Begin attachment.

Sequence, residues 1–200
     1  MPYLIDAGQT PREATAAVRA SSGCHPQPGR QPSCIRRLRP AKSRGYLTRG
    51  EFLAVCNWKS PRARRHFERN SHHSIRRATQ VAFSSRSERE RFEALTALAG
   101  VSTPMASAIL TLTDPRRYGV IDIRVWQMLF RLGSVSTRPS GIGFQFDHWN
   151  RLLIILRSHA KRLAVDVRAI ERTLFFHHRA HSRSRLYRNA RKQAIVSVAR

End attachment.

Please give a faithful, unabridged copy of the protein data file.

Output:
Sequence, residues 1–200
     1  MPYLIDAGQT PREATAAVRA SSGCHPQPGR QPSCIRRLRP AKSRGYLTRG
    51  EFLAVCNWKS PRARRHFERN SHHSIRRATQ VAFSSRSERE RFEALTALAG
   101  VSTPMASAIL TLTDPRRYGV IDIRVWQMLF RLGSVSTRPS GIGFQFDHWN
   151  RLLIILRSHA KRLAVDVRAI ERTLFFHHRA HSRSRLYRNA RKQAIVSVAR